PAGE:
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ERIC Number: EJ816858
Record Type: Journal
Publication Date: 2007-Dec
Pages: 11
Abstractor: As Provided
Reference Count: 27
ISSN: ISSN-0013-1172
Children's Understanding of Health and Health-Related Behavior: The Influence of Age and Information Source
Daigle, Kay; Hebert, Edward; Humphries, Charlotte
Education, v128 n2 p237-247 Dec 2007
Background: Health is recognized as an important factor in children's educational achievement, and school-based health education programs are recognized for their potential long-term impact. However, the extent to which children conceptualize health similarly as adults, and the nature of their understandings of health, remain cloudy. Purpose: Therefore, the purpose of this study was to describe children's conceptions of health, and examine their conceptions in light of age and sources of health-related information. Design and methods: Participants were 108 children ages 6-10 (58 male, 51 female) attending a university-based summer activities day camp. The first day, children met in small groups, where they were asked to draw a picture of a healthy and an unhealthy person. The next day, children met individually with one of the researchers for a taped semi-structured interview. Participants were asked to describe their drawings, what it means for a person to be healthy, how one can tell if a person is healthy or unhealthy, and what a person can do to be healthy. They also were asked about their sources of health information. Results: Our results indicated that children's conceptions of health ranged from a vague understanding of being happy vs. sad, and conceiving health as lack of illness, to conceptions focused on behavior. Children's understandings of health showed developmental differences with respect to the ability to grasp abstract qualities. However, of potentially greater importance was the tendency for children to move from non-behavioral conceptions (viewing health as related to sickness or appearance) to the conception of health focusing on behavior. When asked about sources of health information, children predictably indicated learning about health from parents and school. This finding highlights the importance of including health education in the elementary years, and of encouraging parents to be involved in supporting such. Conclusions: Knowledge is an important component of physical education and health education programs, with the purpose of developing an understanding of the relation between one's behaviors and health outcomes, and the activities needed for desired outcomes. Consistent with this, American Association for Health Education (AAHE) standards currently identify levels of each standard for grades K-4, 5-8, and 9-11. Further research to identify differences in the applicability of psychological theory can improve program design and delivery. (Contains 3 tables and 5 figures.)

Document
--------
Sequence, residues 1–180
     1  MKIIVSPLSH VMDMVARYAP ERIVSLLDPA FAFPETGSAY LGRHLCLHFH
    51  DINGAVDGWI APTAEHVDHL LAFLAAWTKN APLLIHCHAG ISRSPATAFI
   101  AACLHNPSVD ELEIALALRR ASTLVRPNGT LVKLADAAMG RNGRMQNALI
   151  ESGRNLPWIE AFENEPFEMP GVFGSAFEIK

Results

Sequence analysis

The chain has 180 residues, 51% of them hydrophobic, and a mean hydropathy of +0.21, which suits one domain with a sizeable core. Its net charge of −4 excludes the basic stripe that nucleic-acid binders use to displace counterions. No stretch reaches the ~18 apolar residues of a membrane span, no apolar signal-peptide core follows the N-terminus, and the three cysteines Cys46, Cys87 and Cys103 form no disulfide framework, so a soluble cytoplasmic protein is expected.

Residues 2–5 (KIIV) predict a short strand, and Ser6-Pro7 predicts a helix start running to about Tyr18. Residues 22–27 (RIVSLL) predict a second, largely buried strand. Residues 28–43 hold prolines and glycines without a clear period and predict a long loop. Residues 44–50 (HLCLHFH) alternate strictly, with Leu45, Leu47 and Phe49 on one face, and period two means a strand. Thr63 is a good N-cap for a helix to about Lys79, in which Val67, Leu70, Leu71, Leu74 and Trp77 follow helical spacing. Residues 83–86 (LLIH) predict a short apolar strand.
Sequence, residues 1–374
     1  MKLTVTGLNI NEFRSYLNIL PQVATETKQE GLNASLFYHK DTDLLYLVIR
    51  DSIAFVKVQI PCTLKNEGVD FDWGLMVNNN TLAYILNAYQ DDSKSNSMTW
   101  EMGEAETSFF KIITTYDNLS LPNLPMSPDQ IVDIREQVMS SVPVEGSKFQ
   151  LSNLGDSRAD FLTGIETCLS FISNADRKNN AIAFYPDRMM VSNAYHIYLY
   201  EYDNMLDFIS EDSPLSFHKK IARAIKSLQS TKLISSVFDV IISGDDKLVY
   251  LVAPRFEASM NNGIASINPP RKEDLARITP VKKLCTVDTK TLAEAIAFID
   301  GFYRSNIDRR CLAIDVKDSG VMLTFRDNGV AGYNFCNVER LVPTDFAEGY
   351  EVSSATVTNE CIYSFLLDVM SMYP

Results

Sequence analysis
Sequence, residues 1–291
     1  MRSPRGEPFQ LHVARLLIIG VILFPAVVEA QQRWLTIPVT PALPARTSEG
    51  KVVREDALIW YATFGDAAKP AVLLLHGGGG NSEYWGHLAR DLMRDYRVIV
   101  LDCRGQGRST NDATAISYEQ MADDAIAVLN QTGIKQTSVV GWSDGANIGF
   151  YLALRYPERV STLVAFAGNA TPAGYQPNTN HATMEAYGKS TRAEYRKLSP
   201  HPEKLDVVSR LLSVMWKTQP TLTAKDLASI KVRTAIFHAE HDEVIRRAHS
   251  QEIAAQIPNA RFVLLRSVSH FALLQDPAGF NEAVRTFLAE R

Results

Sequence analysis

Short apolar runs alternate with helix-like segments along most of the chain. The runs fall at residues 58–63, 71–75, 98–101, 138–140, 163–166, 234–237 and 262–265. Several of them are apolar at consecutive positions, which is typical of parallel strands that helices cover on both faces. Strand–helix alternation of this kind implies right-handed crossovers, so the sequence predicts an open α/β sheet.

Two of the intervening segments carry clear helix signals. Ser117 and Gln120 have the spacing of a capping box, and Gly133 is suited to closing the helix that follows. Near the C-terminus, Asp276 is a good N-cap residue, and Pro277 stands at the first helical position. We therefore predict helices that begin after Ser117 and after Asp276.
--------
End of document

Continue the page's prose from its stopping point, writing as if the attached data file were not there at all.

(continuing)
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Publication Type: Journal Articles; Reports - Research
Education Level: Elementary Education
Audience: N/A
Language: English
Sponsor: N/A
Authoring Institution: N/A